Defined as prostate cancer with rising PSA level in the setting of castrate serum testosterone level of less than 50ng/dL in the absence of visible disease spread, following initial definitive therapy.
About 1/3 of patients with nmCRPC develop metastatic disease within one year.
Only two factors are known to predict for the time to onset of metastasis and the nonmetastatic castration resistant prostate cancer: PSA doubling time of less than three months has a median time to metastasis of approximately nine months; If PSA doubling time is longer than 15 months the time to metastasis is longer than four years.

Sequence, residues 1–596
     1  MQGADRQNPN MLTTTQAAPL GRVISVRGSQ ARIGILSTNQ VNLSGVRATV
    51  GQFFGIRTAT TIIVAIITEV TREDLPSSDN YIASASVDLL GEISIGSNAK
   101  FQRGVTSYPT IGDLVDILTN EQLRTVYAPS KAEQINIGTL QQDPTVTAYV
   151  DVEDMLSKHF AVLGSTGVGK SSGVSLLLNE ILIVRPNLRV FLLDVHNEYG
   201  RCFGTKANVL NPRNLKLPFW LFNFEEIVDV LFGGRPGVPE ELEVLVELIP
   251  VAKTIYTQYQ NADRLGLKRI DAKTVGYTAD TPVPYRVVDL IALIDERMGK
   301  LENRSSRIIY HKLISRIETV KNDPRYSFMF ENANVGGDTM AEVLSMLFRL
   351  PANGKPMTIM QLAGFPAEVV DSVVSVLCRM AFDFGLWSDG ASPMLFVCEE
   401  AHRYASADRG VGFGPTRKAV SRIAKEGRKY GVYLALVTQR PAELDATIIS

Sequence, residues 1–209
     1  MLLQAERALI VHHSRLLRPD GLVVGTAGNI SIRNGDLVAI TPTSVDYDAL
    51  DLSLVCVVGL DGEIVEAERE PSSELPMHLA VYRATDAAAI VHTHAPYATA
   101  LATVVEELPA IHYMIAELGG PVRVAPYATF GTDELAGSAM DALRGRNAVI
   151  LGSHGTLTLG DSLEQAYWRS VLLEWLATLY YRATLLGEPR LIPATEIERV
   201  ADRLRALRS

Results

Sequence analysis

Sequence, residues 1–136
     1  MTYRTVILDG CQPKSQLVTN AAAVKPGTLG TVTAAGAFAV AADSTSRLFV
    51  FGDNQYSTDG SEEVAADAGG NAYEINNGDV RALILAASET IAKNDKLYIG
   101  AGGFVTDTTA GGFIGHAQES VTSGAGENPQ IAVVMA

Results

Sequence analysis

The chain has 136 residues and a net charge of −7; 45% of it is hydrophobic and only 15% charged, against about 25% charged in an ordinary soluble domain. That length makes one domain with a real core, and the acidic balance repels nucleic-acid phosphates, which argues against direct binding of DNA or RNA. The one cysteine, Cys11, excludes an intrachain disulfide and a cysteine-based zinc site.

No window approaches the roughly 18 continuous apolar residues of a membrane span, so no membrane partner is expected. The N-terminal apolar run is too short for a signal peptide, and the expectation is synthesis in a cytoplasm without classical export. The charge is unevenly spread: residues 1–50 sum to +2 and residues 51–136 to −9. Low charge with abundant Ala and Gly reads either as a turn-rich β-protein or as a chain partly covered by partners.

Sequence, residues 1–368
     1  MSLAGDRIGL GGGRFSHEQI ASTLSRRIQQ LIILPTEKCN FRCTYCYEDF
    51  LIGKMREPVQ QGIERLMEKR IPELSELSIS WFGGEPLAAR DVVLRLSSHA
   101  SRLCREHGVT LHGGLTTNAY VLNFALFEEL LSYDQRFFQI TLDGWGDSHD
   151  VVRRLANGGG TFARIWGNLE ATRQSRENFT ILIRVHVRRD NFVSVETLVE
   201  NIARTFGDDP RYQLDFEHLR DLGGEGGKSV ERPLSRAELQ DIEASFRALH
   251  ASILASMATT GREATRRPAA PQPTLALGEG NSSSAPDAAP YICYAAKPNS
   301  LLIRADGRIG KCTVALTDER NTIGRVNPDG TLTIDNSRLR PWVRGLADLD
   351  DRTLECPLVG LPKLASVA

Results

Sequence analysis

Shorter PSA doubling time is associated with reduced bone metastasis free survival time among patients with nmPRPC.
Preventing or delaying progression to metastatic CRPC prolongs patient survival and improved quality of life.
Treatments for nmPRPC include apalutamide enzalutamide, and darolutamide.
These androgen receptor inhibitors act by competitively inhibiting antigen binding, antigen receptor nuclear translocation, and androgen receptor mediated transcription.
These androgen receptor inhibitors approved for nonmetastatic call prostate cancer improve metastasis free survival an overall survival and appear to have similar efficacy.
These androgen receptor inhibitors prolong metastatic free survival by approximately two years.
Approximately 80% will develop metastatic disease within three years.